by Jim Martin
A survey by the Pew Foundation found that 71 percent of Americans view small business more favorably than any other institution, including religious organizations. Why? Small businesses are seen as a positive influence on the country. But it’s more than that. Small businesses are in a unique position to create valuable customer experiences. Their niche products and services target defined customers with agile business operations unconstrained by corporate rules and processes. Small businesses are also trusted for their integrity, community engagement and customer service. A small business doesn’t rout you to an automated call center? These small things come together to create a hugely competitive value proposition. How can you leverage these assets to grow the appeal of your brand economically? Here are 10 tips that can help:
What is Your Brand? Your brand is more than your logo, merchandising or products. It’s the sum total of the experiences customers have with your business. This includes the visual aspects of your business, what you do, how you do it, your customer interactions and the information you share in your marketing and on social media. All contribute to your trust and credibility.
Stand Out. Standing out means being different. For your brand to be strong, you must pinpoint what makes what you do unique. Refine and emphasize what differentiates you from others in your industry. Weave your differentiators into your company’s messaging and marketing.
Have Great Products and Services. Word of mouth is often a business’ best lead generator. People talking about your products and services is a critical to your brand and your business. Even the most charming business owner won’t bring customers back unless the product or service provided exceeds expectations. Don’t lose sight of your product. Refine it, test new offerings, and make sure you always put product, not profit, first.
Make Sure Customers Know the Face Behind the Product. One cause of small business failures is the persistent absence of the business owner. Things can go wrong when a business is left to run itself. Without an actively engaged owner, employees lose motivation and structure. This can quickly lead to sloppy service, a poor product and customer churn. Your business must be able to function without your constant presence, but it’s important to strike a balance. Find ways to make sure your customers know you as the face behind the business. Businesses really thrive when the energy of the owner is there.
Get Your Name and Logo Right. This is essential to brand recognition, and it’s important to get it right the first time (changing your name and logo is costly). Your logo and name must be easily recognizable, reflect the nature of the business and appeal to your target market. Aunt Ida’s Attic will attract more customers than Joe’s Junk, even with similar inventories.
Have a Distinct Voice. To ensure you deliver your distinct brand message consistently, focus on how you and your employees interact and communicate with customers, in-person, on the phone and on social media. Not sure what your “voice” should be? Look to others. What do they do that you’d like to emulate? How do they greet and interact with you? What do they do that makes you want to do business with them? Look at what you buy and what attracts you to it.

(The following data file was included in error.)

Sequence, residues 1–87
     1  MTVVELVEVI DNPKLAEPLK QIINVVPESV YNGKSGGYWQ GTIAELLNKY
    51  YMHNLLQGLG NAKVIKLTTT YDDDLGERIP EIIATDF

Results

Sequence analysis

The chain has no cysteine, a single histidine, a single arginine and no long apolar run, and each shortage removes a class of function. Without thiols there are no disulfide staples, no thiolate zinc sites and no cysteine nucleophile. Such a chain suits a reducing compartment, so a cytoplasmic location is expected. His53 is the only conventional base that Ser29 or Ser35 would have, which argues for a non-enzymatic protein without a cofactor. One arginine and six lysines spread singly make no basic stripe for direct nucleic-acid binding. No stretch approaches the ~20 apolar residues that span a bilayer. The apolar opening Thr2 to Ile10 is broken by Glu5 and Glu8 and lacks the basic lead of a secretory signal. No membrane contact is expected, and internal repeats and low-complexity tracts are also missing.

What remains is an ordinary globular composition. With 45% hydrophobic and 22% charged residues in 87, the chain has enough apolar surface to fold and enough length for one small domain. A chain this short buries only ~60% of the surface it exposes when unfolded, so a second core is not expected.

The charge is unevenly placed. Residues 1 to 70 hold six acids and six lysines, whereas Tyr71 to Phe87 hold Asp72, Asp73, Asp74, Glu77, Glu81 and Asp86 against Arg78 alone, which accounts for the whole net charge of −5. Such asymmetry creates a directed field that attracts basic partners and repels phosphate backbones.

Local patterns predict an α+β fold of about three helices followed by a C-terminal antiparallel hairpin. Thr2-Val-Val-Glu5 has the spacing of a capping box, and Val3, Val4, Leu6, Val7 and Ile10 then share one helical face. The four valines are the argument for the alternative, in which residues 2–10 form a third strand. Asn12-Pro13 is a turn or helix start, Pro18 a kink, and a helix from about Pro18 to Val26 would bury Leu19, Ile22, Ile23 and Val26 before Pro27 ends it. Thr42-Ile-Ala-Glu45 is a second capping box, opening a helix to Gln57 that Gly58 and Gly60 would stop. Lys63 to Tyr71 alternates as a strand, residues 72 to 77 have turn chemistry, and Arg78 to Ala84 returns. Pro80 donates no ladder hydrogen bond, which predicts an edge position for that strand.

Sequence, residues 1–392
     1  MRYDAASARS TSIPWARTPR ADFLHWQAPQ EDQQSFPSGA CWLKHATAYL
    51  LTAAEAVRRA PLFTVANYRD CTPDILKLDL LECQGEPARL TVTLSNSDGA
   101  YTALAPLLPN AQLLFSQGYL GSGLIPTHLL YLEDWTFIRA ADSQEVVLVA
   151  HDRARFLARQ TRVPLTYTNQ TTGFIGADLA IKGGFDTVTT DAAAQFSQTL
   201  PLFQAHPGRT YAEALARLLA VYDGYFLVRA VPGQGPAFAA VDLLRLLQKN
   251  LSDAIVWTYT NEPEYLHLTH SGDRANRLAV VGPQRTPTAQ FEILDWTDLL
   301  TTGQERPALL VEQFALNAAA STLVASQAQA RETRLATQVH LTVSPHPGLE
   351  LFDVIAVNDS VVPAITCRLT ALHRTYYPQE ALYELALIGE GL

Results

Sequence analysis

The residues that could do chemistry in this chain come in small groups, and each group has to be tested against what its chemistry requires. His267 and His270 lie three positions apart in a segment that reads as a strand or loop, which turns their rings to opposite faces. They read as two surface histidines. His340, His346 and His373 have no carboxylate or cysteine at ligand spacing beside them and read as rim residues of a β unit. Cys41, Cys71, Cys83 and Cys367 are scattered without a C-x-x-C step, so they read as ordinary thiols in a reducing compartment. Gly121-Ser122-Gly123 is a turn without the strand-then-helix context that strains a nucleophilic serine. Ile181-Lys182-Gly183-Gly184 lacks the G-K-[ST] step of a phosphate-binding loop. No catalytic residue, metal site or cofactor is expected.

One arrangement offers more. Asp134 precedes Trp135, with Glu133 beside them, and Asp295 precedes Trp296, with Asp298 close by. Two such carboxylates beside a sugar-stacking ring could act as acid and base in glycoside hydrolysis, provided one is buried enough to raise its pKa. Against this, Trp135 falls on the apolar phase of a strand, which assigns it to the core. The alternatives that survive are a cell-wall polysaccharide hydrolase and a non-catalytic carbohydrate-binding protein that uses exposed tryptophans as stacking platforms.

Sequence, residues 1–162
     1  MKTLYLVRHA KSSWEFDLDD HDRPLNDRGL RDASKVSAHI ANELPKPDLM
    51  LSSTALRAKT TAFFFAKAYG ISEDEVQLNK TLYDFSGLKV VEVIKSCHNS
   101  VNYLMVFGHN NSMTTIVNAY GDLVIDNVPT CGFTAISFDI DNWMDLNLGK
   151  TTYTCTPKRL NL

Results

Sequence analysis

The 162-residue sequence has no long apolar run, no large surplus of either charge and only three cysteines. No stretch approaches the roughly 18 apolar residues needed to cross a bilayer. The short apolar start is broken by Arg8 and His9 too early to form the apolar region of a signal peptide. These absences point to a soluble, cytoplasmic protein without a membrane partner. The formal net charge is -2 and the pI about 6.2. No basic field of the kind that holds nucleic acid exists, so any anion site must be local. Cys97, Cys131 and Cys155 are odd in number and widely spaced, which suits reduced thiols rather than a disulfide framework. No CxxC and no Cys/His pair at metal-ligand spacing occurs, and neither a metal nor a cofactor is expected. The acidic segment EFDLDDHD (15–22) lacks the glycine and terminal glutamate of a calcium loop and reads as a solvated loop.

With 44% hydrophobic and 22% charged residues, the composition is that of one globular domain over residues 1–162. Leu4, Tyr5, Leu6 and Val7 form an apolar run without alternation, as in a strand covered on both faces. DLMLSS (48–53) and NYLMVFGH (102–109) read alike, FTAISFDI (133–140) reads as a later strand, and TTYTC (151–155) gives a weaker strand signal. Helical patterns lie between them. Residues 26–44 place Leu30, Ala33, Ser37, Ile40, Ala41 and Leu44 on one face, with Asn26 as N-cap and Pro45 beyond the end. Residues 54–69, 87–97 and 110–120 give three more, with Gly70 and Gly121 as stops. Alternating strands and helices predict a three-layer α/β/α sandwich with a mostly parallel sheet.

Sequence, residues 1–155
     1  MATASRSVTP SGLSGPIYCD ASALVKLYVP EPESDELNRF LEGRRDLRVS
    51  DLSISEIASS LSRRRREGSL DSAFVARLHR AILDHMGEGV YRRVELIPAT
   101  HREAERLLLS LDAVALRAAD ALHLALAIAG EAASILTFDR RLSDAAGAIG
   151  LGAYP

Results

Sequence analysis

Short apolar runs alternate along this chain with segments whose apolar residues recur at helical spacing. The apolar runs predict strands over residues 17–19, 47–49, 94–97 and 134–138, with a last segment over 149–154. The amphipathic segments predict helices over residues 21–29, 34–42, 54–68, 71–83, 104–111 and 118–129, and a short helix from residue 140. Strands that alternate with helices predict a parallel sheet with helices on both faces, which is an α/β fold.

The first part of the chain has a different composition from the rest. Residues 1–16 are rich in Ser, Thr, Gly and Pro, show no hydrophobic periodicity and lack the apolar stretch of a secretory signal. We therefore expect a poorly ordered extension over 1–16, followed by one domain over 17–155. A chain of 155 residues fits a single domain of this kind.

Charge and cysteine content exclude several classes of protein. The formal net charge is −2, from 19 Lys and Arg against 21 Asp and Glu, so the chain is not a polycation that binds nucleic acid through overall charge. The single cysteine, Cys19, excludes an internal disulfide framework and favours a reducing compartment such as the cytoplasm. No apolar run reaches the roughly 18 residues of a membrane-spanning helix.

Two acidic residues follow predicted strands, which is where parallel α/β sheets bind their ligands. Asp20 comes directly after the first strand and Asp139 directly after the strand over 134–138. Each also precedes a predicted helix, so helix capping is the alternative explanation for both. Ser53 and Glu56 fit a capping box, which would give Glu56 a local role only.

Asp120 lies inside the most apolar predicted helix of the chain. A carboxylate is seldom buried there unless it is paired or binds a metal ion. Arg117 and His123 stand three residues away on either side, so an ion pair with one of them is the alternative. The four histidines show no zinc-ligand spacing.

Build a Community Around What you Do. A successful brand is trusted and respected by its customers. Building a strong community online and off can help you achieve this. This isn’t expensive. Many successful brands focus almost exclusively on online and offline community building rather than traditional advertising. Facebook and Twitter are great tools, as is your blog. Offline participation in community activities such as local events, fundraisers and charities (as well as hosting such events such as workshops or loyal customer events) can all help you build community and extend the trust you’ve earned for your brand.
Be an Advocate for Your Business—Not Just a Salesman. You don’t have to be the greatest salesman to succeed in business. Selling takes many forms, and being a brand advocate pulls them all together. Many small business owners strive to be the number one salesman, the number one cheerleader, and the number one fan of their business (you’ve got to be excited if you want others to be excited). If you are passionate about your business, be an advocate for it. Make sure people understand what you do, the story behind your products, what your products have done for people, your methods and mission, and all that good stuff. Invite people in!
Be Reliable. Failing to live up to your promises and brand standards can be particularly harmful for small businesses that depend on referrals. The foundation for brand loyalty lies in great service. Happy customers are more loyal. Make sure you don’t make promises you can’t keep—whether you run a pizza business and pledge to deliver within 30 minutes, or are a painting contractor who promises to start a job on a Monday at 9:00 AM sharp. Stand by your promises.
Have a Value Proposition. Value, not to be mistaken with price, can help define your brand and differentiate you from the competition. What niche do you serve? What do you do that makes you different from everyone else? What are the emotional benefits of what you do? These questions will help define your value to your customers. It could be great customer service, product quality, consistency, innovation or any combination of these.
Caron Beesley is a small business owner, writer, and marketing communications consultant who works with SBA and SCORE to promote key government resources to help entrepreneurs and small business owners start-up, grow and succeed. Follow Caron on Twitter: @caronbeesley